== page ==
Plans for Covid-19 vaccine passports may stoke intergenerational divides

Why Israel's introduction of vaccine certificates could prove difficult to emulate.

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Israel plans on Sunday 7 March to open several sectors of the hospitality industry, including restaurants, hotels and conferences, to people who can use a so-called “green passport” to prove they have been vaccinated or have recovered from Covid-19. Several other categories of venue, such as gyms, have been open for green passport holders since last week. 

The document, issued by the health ministry, is one of the first systems of vaccine passports anywhere in the world, granting vaccinated people more rights than the unvaccinated. It is issued a week after someone has received a second dose of a Covid-19 vaccine and is valid for six months. Vaccination is not compulsory in Israel, but life will be more difficult for those who choose not to have it; for example, they will be required to be tested before going to certain places open to those holding green passports. 

Vaccination certificates, in some form, appear virtually inevitable as immunisation programmes advance around the world. Although it is politically tricky for some governments, many businesses will likely begin to demand proof of vaccination from their clients when they reopen. Whether that proof is a mixture of various certificates provided by doctors or private firms or a passport issued by the state will depend on whether governments are prepared to risk aggravating those who have not or will not opt to have the vaccine. 

Because Israel’s vaccination programme is advancing faster than any other – one in two Israelis have now received at least one dose of the vaccine, according to health ministry data – conversations about vaccine certificates are perhaps less controversial than in other countries. The inconvenience of not holding a green passport because you are low down on the priority list, for example, will not be a problem for long. 

The situation is different in places where vaccination programmes are being rolled out at a slower pace. In Europe, for instance, the EU looks likely to agree on a format for a continent-wide vaccination certificate in the coming weeks, spearheaded by Greece, which wants the documents in place for the summer tourism season. But the glacial pace of the EU’s vaccination programme means that once such certificates exist, there is the prospect that young people – still months from being offered the vaccine – will have fewer freedoms than their elders.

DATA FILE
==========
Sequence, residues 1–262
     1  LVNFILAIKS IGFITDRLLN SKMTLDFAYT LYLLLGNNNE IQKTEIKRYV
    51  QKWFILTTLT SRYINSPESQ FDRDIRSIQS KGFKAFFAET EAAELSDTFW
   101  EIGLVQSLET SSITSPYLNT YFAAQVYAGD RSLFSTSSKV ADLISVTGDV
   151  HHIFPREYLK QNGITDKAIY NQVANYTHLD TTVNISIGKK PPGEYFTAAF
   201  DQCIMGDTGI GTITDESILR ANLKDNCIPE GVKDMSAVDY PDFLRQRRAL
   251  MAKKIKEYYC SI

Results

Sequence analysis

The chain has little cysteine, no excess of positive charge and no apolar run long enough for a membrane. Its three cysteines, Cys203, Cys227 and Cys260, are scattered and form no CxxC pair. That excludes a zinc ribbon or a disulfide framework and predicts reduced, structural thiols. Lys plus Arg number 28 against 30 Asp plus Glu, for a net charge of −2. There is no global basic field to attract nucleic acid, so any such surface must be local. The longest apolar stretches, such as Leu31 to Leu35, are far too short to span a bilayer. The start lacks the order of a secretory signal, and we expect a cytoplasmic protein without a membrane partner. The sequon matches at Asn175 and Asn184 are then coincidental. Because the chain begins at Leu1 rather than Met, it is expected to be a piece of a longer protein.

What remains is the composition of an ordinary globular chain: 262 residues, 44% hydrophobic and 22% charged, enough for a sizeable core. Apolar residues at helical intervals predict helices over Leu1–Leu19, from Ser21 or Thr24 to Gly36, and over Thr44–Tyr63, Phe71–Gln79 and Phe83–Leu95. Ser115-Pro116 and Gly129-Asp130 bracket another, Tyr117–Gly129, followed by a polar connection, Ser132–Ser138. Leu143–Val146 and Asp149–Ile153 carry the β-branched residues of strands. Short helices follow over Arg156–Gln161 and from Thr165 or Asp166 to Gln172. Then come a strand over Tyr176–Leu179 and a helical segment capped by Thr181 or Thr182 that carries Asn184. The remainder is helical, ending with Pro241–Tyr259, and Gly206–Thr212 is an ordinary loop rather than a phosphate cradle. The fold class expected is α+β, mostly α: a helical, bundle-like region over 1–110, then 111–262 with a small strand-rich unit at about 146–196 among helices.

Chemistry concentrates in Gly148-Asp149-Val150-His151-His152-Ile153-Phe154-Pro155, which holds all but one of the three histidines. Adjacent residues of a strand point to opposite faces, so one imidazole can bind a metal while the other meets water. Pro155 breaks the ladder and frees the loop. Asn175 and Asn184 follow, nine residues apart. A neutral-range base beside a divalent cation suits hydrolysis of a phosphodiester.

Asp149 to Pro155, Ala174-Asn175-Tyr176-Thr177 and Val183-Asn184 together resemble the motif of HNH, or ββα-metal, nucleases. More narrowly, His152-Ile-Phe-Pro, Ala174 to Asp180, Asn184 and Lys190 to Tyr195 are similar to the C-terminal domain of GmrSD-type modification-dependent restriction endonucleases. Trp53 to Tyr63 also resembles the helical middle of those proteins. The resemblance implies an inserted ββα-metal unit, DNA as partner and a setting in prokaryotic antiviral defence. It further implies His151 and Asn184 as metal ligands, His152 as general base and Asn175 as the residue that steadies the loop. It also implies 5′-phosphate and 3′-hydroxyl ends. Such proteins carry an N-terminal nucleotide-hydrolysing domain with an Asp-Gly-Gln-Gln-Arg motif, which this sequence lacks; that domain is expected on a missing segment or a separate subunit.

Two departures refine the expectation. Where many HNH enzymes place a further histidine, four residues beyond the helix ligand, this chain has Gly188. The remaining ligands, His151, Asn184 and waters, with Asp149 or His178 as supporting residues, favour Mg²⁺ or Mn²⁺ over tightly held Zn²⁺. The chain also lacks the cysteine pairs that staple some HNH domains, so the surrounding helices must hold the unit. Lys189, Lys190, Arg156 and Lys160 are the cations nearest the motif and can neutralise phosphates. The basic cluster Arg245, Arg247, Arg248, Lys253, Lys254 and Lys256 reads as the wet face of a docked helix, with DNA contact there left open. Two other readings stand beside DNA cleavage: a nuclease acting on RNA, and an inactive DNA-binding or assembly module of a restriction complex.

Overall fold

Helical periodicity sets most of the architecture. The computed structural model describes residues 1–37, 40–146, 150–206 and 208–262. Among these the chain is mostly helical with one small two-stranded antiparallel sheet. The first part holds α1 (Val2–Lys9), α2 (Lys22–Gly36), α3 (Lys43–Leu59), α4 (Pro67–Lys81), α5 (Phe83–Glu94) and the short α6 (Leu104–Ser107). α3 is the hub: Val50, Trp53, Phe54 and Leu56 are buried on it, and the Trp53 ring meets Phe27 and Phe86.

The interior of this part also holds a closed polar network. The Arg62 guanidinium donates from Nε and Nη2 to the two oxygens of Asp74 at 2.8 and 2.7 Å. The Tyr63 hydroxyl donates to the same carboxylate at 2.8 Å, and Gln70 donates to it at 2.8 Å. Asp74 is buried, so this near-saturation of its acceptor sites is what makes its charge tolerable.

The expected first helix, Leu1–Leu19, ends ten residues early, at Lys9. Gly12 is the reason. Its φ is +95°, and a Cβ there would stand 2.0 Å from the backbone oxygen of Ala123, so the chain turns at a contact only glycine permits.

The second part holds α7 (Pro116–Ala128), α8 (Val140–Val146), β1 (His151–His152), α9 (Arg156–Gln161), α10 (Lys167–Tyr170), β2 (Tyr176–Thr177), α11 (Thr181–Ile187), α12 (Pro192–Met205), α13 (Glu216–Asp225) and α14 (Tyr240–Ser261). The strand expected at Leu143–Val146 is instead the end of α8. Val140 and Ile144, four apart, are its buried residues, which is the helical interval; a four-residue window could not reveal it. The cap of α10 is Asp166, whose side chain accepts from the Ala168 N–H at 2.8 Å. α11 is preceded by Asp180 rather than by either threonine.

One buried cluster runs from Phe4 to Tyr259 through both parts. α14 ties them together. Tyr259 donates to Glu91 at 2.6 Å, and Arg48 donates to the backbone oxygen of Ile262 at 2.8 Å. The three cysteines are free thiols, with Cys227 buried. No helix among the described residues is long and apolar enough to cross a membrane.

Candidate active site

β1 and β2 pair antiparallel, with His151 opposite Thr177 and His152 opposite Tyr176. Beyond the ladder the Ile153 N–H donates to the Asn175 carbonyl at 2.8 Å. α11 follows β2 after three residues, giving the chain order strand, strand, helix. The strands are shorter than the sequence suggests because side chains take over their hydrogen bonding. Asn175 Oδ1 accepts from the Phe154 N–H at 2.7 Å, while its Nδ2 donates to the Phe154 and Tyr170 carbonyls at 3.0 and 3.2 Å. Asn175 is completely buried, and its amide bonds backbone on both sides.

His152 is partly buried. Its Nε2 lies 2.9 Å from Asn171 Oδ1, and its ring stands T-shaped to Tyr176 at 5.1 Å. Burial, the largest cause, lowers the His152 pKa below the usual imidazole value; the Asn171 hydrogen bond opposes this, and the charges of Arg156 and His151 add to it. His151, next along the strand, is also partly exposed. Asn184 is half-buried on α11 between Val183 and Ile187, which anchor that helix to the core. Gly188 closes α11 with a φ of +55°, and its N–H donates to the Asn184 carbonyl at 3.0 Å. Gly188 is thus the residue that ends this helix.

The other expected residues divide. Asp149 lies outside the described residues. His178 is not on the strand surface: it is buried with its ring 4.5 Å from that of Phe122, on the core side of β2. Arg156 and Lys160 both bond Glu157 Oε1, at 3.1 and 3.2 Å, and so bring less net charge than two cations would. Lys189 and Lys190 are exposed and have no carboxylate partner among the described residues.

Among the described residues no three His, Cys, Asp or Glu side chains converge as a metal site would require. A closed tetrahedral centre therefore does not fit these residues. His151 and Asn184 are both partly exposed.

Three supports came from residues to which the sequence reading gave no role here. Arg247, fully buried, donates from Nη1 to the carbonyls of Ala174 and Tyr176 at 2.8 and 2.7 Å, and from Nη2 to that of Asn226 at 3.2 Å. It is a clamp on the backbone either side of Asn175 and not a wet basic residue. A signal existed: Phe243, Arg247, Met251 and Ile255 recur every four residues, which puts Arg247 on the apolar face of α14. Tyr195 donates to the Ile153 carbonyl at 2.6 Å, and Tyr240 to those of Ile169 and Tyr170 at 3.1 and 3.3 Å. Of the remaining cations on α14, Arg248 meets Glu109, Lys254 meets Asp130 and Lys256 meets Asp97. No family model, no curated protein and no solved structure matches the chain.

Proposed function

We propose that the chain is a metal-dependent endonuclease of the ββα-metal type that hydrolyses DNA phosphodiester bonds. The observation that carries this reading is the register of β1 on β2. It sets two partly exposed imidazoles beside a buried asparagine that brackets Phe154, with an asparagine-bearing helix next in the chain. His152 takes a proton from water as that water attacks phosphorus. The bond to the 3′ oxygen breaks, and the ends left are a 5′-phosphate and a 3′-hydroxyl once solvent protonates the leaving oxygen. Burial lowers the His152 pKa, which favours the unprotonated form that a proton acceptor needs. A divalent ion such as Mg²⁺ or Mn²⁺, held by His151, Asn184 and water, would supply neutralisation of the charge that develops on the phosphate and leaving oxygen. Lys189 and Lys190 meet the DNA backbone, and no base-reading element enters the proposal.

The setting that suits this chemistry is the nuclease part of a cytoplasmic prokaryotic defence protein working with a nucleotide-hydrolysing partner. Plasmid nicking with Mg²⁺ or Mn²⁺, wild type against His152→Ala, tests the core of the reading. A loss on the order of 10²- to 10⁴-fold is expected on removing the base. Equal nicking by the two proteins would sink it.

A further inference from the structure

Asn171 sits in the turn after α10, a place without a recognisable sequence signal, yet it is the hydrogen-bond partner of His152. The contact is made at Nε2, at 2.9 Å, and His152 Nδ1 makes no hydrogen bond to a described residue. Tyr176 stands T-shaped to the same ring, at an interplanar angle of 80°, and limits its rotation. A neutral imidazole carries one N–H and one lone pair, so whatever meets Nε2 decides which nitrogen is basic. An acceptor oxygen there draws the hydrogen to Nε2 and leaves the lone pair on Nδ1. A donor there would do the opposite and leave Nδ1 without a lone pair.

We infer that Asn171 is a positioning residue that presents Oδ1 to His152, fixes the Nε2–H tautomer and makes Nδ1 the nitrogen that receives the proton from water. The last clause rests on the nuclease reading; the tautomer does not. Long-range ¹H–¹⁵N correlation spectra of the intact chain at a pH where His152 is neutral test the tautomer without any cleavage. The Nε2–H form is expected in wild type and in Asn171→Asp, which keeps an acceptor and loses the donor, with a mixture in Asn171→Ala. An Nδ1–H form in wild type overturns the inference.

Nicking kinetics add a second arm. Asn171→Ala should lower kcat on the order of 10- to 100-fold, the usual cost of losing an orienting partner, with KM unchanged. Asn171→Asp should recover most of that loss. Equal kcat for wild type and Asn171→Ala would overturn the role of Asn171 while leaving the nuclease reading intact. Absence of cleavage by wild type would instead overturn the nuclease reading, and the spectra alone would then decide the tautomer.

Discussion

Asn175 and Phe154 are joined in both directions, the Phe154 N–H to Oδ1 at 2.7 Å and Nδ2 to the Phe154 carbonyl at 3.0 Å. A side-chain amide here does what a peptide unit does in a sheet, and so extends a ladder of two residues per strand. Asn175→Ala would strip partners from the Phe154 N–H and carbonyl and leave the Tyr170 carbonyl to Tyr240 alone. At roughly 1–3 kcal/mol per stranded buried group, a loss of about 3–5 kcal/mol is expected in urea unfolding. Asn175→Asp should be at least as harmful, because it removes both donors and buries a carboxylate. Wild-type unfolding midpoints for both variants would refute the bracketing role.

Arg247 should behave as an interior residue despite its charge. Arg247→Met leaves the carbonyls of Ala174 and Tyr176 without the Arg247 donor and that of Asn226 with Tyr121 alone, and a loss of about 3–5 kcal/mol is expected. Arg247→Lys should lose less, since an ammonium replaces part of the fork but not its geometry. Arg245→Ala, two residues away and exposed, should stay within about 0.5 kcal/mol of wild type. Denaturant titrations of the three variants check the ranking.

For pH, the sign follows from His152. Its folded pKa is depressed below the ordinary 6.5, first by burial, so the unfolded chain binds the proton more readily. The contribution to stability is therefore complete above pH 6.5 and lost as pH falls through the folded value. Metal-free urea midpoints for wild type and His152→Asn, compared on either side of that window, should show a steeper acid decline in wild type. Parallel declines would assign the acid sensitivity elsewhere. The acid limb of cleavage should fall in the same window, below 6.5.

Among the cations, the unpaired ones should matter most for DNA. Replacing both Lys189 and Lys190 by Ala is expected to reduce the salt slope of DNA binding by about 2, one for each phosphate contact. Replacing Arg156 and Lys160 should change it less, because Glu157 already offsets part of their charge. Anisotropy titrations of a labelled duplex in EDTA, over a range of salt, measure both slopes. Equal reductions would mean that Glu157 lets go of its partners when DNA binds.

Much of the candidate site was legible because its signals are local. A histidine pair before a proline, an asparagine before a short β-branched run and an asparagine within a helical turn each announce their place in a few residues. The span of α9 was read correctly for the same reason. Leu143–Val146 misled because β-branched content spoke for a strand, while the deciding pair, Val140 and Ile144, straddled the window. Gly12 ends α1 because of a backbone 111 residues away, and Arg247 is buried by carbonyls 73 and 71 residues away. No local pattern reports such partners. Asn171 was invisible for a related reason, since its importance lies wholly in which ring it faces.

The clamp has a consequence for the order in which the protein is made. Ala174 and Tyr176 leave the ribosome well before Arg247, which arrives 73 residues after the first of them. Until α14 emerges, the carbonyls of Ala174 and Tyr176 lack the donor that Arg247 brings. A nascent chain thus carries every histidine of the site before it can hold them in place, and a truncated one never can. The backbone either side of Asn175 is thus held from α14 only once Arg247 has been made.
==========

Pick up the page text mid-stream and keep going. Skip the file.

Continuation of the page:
[See also: International coronaviurs vaccine tracker]

Then there is the question of how to deal with people who are offered a vaccine, but who refuse to take it. There is a qualitative difference between someone who has been given the option of having a vaccine, and someone who has not. (The small number of people who cannot take a vaccine for medical reasons is an additional complication.)

For young people, who have already been hard hit by the effects of a virus that poses little health risk to them personally, vaccine certificates may be a difficult sell. Watching older people go to restaurants or on foreign holidays with greater ease than others might push the unvaccinated to break the rules on gatherings and parties. That, in turn, would accelerate the spread of the virus among unvaccinated groups.

Vaccine passports may be necessary, and likely inevitable, but that does not mean they’re an uncontroversial issue. Digital certificates will raise privacy and verification issues; governments should tread carefully when implementing them. They should also consider ways to compensate young people who have sacrificed a lot during the pandemic. The former British universities minister David Willetts, for instance, has argued that taxes on property could be hiked to help redress the intergenerational balance. As the world recovers from the Covid-19 crisis, it would be a mistake to ignore the interests of the young. 

[See also: How Covid-19 could limit travel for years beyond the crisis]

Ido Vock is international correspondent at the New Statesman.

He co-hosts our weekly global affairs podcast, World Review.

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